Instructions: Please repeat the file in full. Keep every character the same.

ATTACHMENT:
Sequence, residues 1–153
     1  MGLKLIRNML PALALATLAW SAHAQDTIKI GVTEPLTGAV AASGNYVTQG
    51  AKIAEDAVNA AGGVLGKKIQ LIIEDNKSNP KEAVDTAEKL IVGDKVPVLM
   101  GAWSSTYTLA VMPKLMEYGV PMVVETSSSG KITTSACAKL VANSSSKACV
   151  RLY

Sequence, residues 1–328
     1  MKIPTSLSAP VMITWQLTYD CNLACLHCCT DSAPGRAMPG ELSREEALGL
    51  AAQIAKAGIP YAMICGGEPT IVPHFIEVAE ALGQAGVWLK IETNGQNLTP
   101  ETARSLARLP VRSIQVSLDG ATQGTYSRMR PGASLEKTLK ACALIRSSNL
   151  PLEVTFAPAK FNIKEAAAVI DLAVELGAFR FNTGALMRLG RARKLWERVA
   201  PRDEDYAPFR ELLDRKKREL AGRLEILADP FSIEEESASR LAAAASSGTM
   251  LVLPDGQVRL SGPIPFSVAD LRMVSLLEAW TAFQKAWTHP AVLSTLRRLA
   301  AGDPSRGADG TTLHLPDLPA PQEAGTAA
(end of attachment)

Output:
Sequence, residues 1–153
     1  MGLKLIRNML PALALATLAW SAHAQDTIKI GVTEPLTGAV AASGNYVTQG
    51  AKIAEDAVNA AGGVLGKKIQ LIIEDNKSNP KEAVDTAEKL IVGDKVPVLM
   101  GAWSSTYTLA VMPKLMEYGV PMVVETSSSG KITTSACAKL VANSSSKACV
   151  RLY

Sequence, residues 1–328
     1  MKIPTSLSAP VMITWQLTYD CNLACLHCCT DSAPGRAMPG ELSREEALGL
    51  AAQIAKAGIP YAMICGGEPT IVPHFIEVAE ALGQAGVWLK IETNGQNLTP
   101  ETARSLARLP VRSIQVSLDG ATQGTYSRMR PGASLEKTLK ACALIRSSNL
   151  PLEVTFAPAK FNIKEAAAVI DLAVELGAFR FNTGALMRLG RARKLWERVA
   201  PRDEDYAPFR ELLDRKKREL AGRLEILADP FSIEEESASR LAAAASSGTM
   251  LVLPDGQVRL SGPIPFSVAD LRMVSLLEAW TAFQKAWTHP AVLSTLRRLA
   301  AGDPSRGADG TTLHLPDLPA PQEAGTAA